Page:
The Tundra Tabloids has always placed great trust in the facts presented by Professor Efraim Karsh, concerning the history of Israel and of the likes of the ‘New Historians’ of Israeli history, in this case, Benny Morris. The TT has rendered similar opinions of the man (meeting him last year in Helsinki). KGS
Israel’s Human Chameleon Strikes Again
By Efraim Karsh
In the opening scene of Woody Allen’s 1983 film Zelig, F. Scott Fitzgerald is seen to observe a curious little man as he chats with socialites at a sumptuous bash, speaking adoringly of President Coolidge and the Republican Party — all in an upper class Boston accent. Then, an hour later, the renowned novelist is stunned to see the same man speaking to the kitchen help. Only now he claims to be a Democrat, and his accent has become coarse as if he were one of the crowd.
This scene comes to mind when observing the incessant, ideological acrobatics of the Israeli academic Benny Morris. For years, he basked in the dubious glory of being one of Israel’s foremost, homegrown bashers, deriding Zionism as “a colonizing and expansionist ideology and movement … intent on politically, or even physically, dispossessing and supplanting the Arabs” and going out of his way to fabricate Israel’s history so as to prove the sinful circumstances of its birth. He paraded the Arab canard of an age-old Zionist design to dispossess the Palestinian Arabs from their homes; he ignored the sustained Arab efforts to destroy the Jewish national cause and the no less sustained efforts of the Jews at peaceful coexistence, both prior to and after Israel’s establishment; he dismissed the Zionist acceptance of the November 1947 partition resolution as a ruse, claiming that “large sections of Israeli society” were looking forward to war as an opportunity for territorial expansion and ethnic cleansing; he even went so far as to present the Palestinians as the real victims of the pan-Arab assault on Israel in May 1948, with the Jewish state supposedly colluding with the invading Arab states to prevent the birth of a Palestinian Arab state.
But then, all of a sudden, Morris was reborn. He acknowledged truths about the Arab-Israeli conflict that he had previously taken great pains to deny and distort, notably that “the Palestinian national movement, from its inception, has denied the Zionist movement any legitimacy and stuck fast to the vision of a ‘Greater Palestine’.” He even went so far as to argue that there was nothing fundamentallywrong in the notion of mass displacement of Arabs so long as it was born of dire necessity and that, over the long term, such a displacement might even have been conducive to peace. Had David Ben-Gurion “gone the whole hog” and “engineered a comprehensive rather than a partial transfer,” he claimed, “today’s Middle East would be a healthier, non-violent place.”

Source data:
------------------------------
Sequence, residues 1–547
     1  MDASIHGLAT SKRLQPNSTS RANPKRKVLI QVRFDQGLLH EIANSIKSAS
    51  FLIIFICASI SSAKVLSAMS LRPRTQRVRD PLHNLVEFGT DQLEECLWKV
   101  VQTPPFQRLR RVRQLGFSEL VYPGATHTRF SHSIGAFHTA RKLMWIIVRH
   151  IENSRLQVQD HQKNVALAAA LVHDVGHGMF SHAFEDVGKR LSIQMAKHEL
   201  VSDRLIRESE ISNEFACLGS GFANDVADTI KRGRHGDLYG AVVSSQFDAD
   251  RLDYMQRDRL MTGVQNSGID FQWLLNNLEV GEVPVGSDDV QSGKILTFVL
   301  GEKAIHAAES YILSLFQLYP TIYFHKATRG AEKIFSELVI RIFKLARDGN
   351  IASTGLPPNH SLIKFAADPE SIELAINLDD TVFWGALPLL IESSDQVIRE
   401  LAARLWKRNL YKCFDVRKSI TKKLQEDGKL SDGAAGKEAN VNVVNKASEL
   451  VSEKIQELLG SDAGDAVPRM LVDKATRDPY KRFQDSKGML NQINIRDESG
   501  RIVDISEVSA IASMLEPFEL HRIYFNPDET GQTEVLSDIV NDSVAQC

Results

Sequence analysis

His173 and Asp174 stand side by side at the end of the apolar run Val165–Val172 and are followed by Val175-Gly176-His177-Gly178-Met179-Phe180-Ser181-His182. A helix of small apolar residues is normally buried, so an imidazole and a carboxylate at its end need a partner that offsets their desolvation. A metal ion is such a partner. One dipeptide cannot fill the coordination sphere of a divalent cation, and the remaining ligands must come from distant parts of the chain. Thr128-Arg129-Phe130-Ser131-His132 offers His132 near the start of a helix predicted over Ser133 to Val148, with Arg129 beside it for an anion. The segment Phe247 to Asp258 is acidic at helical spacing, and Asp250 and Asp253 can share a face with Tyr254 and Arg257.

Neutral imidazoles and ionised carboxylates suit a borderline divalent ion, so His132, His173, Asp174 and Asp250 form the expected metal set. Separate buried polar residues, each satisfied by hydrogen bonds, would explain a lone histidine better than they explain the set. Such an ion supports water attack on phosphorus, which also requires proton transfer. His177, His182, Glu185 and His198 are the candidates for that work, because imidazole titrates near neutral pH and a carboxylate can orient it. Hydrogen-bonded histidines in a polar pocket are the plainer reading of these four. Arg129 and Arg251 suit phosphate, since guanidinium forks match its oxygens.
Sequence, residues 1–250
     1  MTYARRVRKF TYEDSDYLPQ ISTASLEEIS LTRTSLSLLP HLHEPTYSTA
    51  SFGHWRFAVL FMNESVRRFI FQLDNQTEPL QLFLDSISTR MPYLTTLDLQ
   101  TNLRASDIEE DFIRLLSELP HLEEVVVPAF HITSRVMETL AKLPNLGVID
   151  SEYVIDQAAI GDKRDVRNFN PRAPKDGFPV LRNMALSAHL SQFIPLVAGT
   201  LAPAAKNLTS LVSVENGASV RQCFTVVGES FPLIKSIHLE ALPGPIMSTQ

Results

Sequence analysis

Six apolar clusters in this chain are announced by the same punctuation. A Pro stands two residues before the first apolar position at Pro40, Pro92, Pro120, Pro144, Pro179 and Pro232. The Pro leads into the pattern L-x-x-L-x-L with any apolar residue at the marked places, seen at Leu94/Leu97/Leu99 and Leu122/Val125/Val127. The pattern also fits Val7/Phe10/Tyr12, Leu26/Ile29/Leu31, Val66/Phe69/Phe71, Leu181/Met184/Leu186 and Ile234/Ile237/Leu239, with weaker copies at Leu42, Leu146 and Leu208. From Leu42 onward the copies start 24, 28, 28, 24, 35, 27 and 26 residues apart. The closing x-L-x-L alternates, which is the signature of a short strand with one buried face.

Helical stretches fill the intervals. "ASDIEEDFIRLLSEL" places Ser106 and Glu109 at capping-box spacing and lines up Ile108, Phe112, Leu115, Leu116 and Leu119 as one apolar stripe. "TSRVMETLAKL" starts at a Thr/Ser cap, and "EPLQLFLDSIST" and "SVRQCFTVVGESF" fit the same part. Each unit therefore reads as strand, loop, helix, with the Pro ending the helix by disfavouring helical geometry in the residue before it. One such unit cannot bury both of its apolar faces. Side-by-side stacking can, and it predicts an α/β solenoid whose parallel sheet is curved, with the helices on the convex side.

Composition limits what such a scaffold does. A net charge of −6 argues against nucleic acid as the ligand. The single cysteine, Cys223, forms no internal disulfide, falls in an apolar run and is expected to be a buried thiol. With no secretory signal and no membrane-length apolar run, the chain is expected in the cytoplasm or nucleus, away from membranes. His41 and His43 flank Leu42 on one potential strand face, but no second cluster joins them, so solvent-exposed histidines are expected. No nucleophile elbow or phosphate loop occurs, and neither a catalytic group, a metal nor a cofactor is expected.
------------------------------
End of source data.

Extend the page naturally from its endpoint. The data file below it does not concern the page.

This turnover astounded many Israel-bashers, who failed to grasp how the person who for over a decade had provided them with endless ammunition against the Jewish state’s legitimacy could so whimsically change his colors. And as if to add insult to injury, Morris has never produced any evidence substantiating his newly-adopted, anti-Palestinian stance: Surely the launch of the September 2000 “al-Aqsa Intifada,” which triggered Morris’s u-turn, does not change one iota of what happened some fifty-plus years earlier. Nor for that matter, has he ever disowned his early writings, which continue to adorn countless anti-Israel sites and publications, thus placing him in the unique position of simultaneously entertaining, and expressing, wildly discrepant views to different audiences.
It was hardly surprising, therefore, that when he arrived last month at the London School of Economics (LSE), perhaps the foremost leftist bastion of British academia, Morris was accosted by agitated activists protesting his public utterances. “Earlier that evening, Palestinian rights campaigners sitting in a coffee shop near the LSE, spotted Benny Morris walking down Kingsway, a busy street near Holborn Tube Station,” reported a London-based pro-Palestinian website.
This was too good an opportunity to miss; in a flash, campaigners gathered around him and took turns to put questions directly to Morris about his writings and statements on the necessity of ethnic cleansing, his call for the caging of Palestinians, and the racist overtones of his descriptions of Arabs. Morris ignored the questions and instead marched on … his demeanor throughout had been more like a criminal trying to hide from the spotlight rather than an academic confident of his ground and willing to take up the invite of open debate.